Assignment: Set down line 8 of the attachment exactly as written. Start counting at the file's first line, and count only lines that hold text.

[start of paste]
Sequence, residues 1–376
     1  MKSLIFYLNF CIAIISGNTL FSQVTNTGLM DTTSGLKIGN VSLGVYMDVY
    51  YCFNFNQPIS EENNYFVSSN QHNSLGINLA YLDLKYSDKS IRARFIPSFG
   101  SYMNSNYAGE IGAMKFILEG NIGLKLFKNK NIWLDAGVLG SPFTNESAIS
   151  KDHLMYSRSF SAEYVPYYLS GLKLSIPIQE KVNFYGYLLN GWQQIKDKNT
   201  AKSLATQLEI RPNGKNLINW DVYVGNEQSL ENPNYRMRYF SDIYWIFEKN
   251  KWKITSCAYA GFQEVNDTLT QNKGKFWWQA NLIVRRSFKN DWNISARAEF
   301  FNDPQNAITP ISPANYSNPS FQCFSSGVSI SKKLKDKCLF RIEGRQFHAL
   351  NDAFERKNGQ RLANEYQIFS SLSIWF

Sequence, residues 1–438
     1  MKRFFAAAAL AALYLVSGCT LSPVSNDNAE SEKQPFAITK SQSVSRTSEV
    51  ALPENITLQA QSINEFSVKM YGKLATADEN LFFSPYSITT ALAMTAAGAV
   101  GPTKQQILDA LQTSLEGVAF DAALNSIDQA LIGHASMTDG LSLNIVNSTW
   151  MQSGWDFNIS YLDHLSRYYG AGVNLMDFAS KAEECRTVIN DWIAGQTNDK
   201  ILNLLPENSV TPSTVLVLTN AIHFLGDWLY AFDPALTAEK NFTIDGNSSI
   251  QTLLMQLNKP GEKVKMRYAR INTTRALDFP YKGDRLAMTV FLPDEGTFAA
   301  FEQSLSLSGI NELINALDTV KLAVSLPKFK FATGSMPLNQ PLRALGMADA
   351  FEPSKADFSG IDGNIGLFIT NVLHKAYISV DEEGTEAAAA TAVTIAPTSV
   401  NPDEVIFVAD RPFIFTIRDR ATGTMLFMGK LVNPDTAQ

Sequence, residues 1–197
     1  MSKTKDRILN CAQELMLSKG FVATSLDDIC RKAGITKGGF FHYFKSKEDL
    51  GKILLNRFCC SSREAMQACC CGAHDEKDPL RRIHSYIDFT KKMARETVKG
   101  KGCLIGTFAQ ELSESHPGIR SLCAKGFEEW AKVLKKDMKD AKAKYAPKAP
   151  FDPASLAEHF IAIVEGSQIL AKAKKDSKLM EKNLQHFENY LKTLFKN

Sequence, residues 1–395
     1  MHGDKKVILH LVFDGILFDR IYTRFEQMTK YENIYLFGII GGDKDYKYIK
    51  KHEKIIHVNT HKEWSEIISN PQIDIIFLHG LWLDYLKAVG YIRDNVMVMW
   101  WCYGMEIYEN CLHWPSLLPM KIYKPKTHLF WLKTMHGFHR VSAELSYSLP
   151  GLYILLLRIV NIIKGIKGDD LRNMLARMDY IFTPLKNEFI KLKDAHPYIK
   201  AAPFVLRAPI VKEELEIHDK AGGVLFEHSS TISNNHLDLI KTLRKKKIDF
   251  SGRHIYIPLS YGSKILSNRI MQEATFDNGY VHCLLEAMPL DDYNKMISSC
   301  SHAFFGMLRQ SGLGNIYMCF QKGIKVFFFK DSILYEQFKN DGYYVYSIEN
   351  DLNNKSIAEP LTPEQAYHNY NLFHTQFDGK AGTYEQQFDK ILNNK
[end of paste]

   301  FNDPQNAITP ISPANYSNPS FQCFSSGVSI SKKLKDKCLF RIEGRQFHAL